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State process time step 1 year, which starts just after the breeding season 4 sub-processes –survival –age incrementation and sexing –movement of recruiting females –breeding u s,a,r,t n a,r,t-1 u i,a,r,t u m,a,r,t n a,r,t breedingmovementagesurvival

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Survival density independent adult survival density dependent pup survival where

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Age incrementation and sexing u i,1,r,t ~Bin (u s,0,r,t, 0.5) u i,a+1,r,t = u s,a,r,t a=1-4 u i,6+,r,t = u s,5,r,t + u s,6+,r,t

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Movement of recruiting females only age 5 females move movement is fitness dependent –females move if expected offspring survival is higher elsewhere expected proportion moving proportional to –difference in juvenile survival rates –inverse of distance between colonies –inverse of site faithfulness where

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Breeding density independent u b,0,r,t ~ Bin (u m,6+,r,t, α)

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Matrix representation E(n t |n t-1, Θ) B M t A S t n t-1

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Matrix representation E(n t |n t-1, Θ) L t n t-1

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Life cycle graph pup density dependence

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Life cycle graph pup North Sea pup Inner Hebrides pup Outer Hebrides pup Orkneys density dependent movement depends on distance density dependence site faithfulness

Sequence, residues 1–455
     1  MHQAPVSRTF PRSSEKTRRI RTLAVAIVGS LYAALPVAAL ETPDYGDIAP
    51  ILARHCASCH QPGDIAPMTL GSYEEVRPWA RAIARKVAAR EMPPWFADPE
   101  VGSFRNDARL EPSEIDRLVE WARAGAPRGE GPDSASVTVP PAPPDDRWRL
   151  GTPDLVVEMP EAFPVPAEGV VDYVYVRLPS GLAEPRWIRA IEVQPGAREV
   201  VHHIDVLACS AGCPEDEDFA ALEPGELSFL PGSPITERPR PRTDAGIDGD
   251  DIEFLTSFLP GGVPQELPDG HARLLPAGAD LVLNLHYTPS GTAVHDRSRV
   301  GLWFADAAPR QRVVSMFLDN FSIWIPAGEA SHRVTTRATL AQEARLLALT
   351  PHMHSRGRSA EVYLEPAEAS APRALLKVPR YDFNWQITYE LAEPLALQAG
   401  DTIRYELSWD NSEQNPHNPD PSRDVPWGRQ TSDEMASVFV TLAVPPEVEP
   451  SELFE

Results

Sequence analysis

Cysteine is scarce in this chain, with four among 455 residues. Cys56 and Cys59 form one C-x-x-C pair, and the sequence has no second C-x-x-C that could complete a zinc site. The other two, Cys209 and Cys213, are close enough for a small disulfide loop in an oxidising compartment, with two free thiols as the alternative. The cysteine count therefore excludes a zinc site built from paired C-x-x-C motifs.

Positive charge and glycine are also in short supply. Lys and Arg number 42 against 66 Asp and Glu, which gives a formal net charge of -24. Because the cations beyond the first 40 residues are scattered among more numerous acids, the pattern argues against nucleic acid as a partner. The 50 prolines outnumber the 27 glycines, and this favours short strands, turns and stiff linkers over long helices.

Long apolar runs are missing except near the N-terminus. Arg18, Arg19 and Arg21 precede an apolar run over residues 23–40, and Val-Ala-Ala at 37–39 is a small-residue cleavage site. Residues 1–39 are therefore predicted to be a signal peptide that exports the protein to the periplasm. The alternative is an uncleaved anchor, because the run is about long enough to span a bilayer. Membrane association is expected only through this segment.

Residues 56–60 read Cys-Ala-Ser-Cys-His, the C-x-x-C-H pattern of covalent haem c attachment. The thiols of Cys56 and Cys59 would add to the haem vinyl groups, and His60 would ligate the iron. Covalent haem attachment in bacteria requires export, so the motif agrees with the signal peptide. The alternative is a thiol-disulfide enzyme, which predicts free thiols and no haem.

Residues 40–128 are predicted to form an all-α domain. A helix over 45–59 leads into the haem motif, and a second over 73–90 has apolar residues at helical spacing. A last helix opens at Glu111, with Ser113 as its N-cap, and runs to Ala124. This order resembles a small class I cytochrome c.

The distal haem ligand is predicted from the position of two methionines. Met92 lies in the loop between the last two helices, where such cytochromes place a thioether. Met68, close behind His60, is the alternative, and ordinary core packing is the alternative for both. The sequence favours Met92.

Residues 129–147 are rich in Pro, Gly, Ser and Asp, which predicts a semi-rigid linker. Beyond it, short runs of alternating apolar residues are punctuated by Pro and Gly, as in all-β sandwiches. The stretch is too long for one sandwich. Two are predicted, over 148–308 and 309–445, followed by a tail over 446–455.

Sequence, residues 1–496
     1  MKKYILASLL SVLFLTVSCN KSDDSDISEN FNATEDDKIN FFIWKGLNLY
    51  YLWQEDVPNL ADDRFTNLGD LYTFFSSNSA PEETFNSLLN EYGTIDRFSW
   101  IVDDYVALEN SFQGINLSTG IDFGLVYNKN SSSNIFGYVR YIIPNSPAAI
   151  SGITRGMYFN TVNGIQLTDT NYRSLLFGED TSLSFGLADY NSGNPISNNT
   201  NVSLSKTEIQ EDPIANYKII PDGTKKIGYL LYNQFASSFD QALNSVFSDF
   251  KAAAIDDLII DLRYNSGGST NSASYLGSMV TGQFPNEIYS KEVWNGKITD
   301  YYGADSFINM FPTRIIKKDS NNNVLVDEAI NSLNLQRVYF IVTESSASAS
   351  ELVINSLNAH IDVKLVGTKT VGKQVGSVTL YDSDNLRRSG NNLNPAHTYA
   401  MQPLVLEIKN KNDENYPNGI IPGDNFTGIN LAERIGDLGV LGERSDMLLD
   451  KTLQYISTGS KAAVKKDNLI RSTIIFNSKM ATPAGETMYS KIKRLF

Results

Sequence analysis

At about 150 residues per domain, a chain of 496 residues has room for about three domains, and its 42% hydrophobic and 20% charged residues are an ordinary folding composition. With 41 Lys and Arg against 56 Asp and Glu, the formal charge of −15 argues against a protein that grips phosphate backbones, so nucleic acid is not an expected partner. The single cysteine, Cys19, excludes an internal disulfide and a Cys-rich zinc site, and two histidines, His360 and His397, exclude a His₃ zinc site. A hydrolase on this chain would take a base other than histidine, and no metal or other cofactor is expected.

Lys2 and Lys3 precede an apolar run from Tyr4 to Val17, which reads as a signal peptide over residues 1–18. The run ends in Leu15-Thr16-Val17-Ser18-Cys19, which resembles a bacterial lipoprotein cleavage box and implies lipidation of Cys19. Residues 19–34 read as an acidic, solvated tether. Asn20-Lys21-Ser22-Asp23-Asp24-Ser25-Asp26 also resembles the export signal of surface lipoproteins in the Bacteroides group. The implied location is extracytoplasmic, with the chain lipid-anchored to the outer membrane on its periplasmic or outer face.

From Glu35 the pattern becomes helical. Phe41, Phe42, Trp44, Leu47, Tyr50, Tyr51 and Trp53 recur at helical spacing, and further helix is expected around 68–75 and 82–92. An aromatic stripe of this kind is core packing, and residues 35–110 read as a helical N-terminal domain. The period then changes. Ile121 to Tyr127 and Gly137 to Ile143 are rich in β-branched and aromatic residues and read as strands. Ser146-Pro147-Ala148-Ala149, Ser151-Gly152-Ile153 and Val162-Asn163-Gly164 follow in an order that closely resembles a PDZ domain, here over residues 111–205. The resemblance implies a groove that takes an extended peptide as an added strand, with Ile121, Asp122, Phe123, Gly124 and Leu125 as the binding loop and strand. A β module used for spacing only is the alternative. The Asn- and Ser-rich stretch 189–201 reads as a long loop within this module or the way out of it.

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Observation process pup production estimates normally distributed, with variance proportional to expectation

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Grey seal model: summary Parameters: –survival : φ a, φ pmax, β 1,..., β 4 –breeding: α –movement: γ dd, γ dist, γ sf observation CV: ψ –total = 11 States: –7 age classes per region per year –total 7 x 4 = 28 per year

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Fitting state-space models Analytic approaches –Kalman filter (Gaussian linear model) Takis Besbeas –Extended Kalman filter (Gaussian nonlinear model – approximate) –Numerical maximization of the likelihood Monte Carlo approximations –Likelihood-based (Geyer 1996) –Bayesian Carmen Fernández Rejection sampling Damien Clancy Markov chain Monte Carlo (MCMC) Philip ONeill Monte Carlo particle filtering Me!

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Inferences tasks for time series data Observe data y 1:t = (y 1,...,y t ) We wish to infer the unobserved states n 1:t = (n 1,...,n t ) and parameters Θ Fundamental inference tasks: –Smoothingp(n 1:t, Θ| y 1:t ) –Prediction p(n t+x | y 1:t ) –Filtering p(n t, Θ t | y 1:t )

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Filtering inference can be fast! Suppose we have p(n t |y 1:t ) A new observation y t+1 arrives. We want to update to p(n t+1 |y 1:t+1 ). Can use the filtering recursion: